For the Spectrum / Adventist Forum community, Bull’s interests in examining the interaction of religious thought and science have had a profound impact. In 2011, Adventist Forum published God, Sky & Land: Genesis 1 as the Ancient Hebrews Heard It, a collaboration with Fritz Guy, research professor of philosophical theology at La Sierra University. The book seeks to recreate how Genesis 1 was heard by its original audience, without putting modern scientific demands upon it. “The reader is invited on a journey of discovery into the riches of the Bible,” says a review in the journal Spes Christiana. They followed up with two more books, God, Land, and the Great Flood: Hearing the Story with 21st-Century Christian Ears (2017), and God, Genesis, & Good News (2019).
Others in the Adventist academic community remember Bull’s wide-ranging contributions. “A giant has fallen,” said James L. Hayward, professor emeritus of biology at Andrews University. “Brian was one of the most interesting—and brightest—people I’ve ever known. His mind was razor-sharp. He was interested in everything from biblical interpretation, personality typing (Myers-Briggs), paleontology, geology, science and faith, health, hematology, ancient human artifacts, and much more. He was an intellectual of the highest caliber, one of the finest examples of what it means to be a human.”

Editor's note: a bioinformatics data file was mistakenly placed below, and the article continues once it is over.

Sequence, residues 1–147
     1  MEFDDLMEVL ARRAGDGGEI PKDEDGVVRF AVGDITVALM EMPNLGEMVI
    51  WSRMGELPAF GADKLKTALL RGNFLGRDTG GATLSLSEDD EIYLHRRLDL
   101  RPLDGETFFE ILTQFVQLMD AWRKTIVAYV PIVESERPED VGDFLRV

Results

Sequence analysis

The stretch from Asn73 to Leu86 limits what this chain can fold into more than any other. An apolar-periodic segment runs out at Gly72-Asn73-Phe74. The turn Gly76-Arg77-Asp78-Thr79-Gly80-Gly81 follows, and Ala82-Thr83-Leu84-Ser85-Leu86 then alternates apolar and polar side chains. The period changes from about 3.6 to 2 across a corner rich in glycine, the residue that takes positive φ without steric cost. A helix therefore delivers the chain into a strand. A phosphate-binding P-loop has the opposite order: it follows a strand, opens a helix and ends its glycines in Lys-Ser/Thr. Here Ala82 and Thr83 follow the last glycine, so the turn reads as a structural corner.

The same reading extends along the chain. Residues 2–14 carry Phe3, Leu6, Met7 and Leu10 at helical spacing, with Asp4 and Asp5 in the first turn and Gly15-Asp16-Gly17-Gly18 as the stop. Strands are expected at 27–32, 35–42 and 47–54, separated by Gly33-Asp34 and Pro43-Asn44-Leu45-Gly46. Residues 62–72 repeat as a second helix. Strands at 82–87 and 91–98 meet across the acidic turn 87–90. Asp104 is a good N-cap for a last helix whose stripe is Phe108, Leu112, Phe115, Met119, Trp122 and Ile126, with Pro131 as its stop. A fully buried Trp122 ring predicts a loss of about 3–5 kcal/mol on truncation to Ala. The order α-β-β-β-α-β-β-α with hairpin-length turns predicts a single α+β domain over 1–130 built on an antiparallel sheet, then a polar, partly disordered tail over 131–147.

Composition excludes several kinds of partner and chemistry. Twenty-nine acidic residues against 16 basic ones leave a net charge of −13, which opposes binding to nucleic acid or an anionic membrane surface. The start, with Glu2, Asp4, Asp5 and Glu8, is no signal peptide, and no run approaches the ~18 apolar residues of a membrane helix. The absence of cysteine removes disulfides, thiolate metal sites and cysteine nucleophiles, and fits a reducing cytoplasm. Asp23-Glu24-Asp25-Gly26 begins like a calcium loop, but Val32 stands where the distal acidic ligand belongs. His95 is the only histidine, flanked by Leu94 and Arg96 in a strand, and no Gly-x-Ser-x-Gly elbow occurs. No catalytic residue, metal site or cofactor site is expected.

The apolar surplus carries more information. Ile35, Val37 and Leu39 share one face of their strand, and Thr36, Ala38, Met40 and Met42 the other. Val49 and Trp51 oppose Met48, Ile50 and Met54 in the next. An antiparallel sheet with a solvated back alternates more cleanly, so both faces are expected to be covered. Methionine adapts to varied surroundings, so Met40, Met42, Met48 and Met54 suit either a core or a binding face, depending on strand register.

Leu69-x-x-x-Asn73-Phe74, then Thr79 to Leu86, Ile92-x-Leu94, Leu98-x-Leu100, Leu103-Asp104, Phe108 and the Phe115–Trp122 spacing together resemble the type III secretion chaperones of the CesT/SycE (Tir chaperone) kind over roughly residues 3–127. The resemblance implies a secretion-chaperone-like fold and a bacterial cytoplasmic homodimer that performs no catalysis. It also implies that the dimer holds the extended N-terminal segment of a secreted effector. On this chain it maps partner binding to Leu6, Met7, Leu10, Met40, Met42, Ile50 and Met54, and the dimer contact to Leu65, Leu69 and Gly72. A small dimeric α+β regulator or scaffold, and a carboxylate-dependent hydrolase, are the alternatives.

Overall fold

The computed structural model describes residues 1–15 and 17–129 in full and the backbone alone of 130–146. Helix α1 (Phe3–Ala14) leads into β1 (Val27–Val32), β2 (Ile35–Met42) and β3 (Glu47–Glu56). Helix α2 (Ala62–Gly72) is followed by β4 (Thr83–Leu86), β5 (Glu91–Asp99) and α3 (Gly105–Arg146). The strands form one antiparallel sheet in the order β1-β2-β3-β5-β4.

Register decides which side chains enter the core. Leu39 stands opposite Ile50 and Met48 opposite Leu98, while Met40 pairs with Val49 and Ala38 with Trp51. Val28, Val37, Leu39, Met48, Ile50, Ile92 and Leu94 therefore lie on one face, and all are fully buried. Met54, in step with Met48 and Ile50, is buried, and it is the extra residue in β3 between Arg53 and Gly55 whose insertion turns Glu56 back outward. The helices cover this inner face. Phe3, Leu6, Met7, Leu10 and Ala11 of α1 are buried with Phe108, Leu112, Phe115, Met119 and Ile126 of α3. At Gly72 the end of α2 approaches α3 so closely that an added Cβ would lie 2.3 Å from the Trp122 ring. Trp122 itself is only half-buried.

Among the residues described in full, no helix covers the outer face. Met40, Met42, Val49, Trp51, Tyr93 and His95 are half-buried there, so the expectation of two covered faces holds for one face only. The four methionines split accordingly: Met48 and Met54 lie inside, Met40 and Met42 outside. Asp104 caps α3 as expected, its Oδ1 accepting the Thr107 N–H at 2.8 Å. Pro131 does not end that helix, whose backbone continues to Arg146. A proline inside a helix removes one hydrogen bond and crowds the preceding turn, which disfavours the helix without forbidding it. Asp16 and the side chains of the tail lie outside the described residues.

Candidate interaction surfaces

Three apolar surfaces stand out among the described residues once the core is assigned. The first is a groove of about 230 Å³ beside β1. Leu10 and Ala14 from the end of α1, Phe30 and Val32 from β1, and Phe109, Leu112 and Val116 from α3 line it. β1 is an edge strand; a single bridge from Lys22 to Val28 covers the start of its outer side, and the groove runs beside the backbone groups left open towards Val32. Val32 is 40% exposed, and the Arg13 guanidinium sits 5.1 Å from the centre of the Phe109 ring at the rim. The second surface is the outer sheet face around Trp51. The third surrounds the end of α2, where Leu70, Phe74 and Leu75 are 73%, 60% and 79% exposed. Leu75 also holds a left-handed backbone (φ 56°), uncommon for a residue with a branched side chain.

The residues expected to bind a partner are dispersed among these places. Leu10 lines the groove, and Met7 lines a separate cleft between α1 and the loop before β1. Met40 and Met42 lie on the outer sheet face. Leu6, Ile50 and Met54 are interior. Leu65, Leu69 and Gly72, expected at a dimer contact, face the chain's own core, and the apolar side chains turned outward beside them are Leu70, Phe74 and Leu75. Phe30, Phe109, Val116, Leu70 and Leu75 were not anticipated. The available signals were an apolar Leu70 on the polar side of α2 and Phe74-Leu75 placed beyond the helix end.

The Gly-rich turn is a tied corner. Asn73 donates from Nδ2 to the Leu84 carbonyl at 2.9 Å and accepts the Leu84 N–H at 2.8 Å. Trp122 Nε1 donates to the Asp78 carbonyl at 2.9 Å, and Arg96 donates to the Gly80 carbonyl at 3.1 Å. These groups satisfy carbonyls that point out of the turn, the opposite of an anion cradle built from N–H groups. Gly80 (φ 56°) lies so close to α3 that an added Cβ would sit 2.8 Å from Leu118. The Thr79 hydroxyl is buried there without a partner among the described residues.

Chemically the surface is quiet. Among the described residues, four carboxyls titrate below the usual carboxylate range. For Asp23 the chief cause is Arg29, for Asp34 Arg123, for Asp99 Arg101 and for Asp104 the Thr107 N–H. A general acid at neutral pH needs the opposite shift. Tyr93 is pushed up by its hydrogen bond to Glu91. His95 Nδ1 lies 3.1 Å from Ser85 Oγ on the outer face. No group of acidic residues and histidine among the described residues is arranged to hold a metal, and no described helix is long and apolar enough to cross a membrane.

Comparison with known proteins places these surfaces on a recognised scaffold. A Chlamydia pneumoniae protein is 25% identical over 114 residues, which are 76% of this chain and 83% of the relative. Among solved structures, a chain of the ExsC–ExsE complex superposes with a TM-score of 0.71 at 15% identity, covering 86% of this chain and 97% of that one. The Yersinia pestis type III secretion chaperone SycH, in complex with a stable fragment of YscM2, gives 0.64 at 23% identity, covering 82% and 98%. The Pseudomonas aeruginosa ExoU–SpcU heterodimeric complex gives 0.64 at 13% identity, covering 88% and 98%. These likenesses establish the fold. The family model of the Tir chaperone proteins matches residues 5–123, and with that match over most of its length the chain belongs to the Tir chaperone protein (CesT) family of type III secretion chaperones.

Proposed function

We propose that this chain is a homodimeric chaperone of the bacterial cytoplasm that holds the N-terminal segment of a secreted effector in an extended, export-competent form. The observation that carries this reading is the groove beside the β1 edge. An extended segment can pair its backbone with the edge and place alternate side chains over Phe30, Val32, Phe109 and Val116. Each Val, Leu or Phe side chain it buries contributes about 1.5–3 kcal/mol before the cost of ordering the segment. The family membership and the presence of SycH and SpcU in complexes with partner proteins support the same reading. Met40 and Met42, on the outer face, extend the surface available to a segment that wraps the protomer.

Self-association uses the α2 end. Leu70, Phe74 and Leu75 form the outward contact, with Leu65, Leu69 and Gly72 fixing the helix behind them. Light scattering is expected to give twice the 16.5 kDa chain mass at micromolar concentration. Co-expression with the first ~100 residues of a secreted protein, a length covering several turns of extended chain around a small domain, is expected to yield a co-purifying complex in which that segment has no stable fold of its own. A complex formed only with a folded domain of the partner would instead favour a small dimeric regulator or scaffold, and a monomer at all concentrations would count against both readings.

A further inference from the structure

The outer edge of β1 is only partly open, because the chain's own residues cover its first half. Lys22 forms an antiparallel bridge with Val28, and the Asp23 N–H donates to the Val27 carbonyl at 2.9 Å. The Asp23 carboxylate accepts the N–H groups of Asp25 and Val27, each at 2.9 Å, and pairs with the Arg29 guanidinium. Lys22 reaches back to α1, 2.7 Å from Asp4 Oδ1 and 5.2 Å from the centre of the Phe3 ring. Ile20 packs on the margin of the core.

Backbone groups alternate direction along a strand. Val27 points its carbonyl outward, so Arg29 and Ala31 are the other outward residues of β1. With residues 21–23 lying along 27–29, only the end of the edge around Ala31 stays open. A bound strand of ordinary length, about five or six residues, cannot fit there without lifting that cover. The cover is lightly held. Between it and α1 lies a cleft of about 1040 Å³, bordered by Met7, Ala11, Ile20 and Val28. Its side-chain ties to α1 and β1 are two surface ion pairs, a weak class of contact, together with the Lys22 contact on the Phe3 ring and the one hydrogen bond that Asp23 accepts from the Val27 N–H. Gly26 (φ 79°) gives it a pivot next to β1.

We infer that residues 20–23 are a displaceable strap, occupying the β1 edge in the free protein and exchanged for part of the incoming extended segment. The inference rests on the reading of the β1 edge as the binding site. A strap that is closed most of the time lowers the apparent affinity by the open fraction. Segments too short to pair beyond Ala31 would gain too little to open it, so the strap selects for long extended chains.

In such a long and prolific career, even maintaining a list of awards becomes difficult. Some include Walla Walla College Alumnus of the Year (1984), Loma Linda University Humanitarian Award (1991), Loma Linda Chamber of Commerce Citizen of the Year (1997), and Loma Linda University Alumni Association Alumnus of the Year (2005). In 2017, he received the Weniger Society for Excellence Award for contributions to the Seventh-day Adventist Church.
He is survived by his wife, Dr. Maureen H. Bull, also a School of Medicine graduate; the two married in 1963 and have two children, Beverly and Beryl.
Dr. Brian Bull was active in research through December 2021, publishing about the effects of COVID-19. A sudden advanced cancer diagnosis was a shock to his many colleagues and friends.
In 2021, he accompanied a group from Adventist Forum to the Galapagos Islands (chronicled in Volume 49, Issue 4 of the Spectrum journal). Gerald Winslow, research professor of religion at Loma Linda University, wrote the following to his friend about their journey.
“Traveling together on that adventure last year provided an exceptionally rich occasion to explore the meaning of our shared Christian faith in relation to scientific understandings of the astonishing variety of creatures on our planet. I realized again, as I often have in the past, that my deepest connection with you is spiritual. We both want to honor our Creator and care for the church we have served throughout our adult lives. I have learned so much from you about how to carry out such work with patience and honesty.”
Alex Aamodt is managing editor of SpectrumMagazine.org
Photos courtesy of Loma Linda University Health